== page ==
The Canadian Dental Association (CDA) says that the World Health Organization’s (WHO) recommendations to delay the provision of non-essential oral healthcare during the COVID-19 pandemic aren’t relevant to Canada since there is no widespread community transmission of the disease in the country.
Canada is instead experiencing cluster-contained outbreaks, the CDA said, which allows for routine oral healthcare to be provided.
Published on August 3, 2020, the WHO recommendations advise high-risk countries to delay non-essential oral healthcare until either a sufficient reduction in COVID-19 transmission rates from community transmission to cluster cases have occurred or upon official recommendations from a country’s national, subnational, or local level.
Canadian dentistry’s infection control standards are among the highest in the world, the CDA said, taking guidance from the Public Health Agency of Canada, Health Canada, and the dental regulatory authorities in each province. Canada also has been proactive in applying similar considerations during the peak infection period in early 2020 to protect the health of the public, the CDA said.
The Canadian government, the CDA, provincial dental associations, and dentists continue to monitor the pandemic closely, the CDA said. Oral healthcare provision is based on enhanced guidelines of provincial health officers and provincial dental regulatory bodies, the CDA added.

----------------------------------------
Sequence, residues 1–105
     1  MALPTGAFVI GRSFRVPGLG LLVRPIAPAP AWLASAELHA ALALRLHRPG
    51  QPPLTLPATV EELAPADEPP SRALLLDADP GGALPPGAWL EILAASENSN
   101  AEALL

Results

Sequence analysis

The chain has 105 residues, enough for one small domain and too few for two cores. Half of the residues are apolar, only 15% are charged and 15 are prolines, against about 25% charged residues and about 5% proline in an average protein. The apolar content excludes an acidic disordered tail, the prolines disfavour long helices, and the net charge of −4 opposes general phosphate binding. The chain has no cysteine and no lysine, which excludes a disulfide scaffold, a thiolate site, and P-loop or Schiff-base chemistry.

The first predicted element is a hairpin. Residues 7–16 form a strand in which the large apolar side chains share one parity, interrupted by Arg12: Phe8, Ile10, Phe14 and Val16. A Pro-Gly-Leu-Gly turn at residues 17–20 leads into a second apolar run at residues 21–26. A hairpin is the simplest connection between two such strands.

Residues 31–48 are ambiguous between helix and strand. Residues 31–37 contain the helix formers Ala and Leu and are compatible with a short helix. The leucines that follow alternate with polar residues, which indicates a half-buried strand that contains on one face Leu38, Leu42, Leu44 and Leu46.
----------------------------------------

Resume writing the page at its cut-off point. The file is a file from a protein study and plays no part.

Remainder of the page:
Canadians can rest assured that dentists are infection control experts and that dental offices continue to follow strict provincial guidelines and regulations that protect the health of patients and dental staff, the CDA said. According to the organization, dentists and their staff continue to:
- Be vigilant in prescreening patients
- Comply with social distancing guidelines
- Wear additional required personal protective equipment (PPE) based on provincial guidelines and recommendations
- Take all other necessary precautions to avoid the spread of infection such as hand hygiene and frequent cleaning
As recognized by the WHO, access to PPE remains a critical issue, the CDA said, including for dental offices. The CDA urges all levels of government to recognize the specific challenges of dentistry and to help provide continued, active, and dynamic support to access to a stable supply from public PPE stockpiles, especially of medical-grade masks, N95 respirators, and gloves.
As a general best practice and throughout the pandemic, the CDA is asking the public to stay home if they have flu-like symptoms such as fever, cough, or difficulty breathing or if they have been exposed to someone with COVID-19. Patients who are sick and who have an upcoming dental appointment should call their dental office to report symptoms, reschedule, or ask about available care options, the CDA said.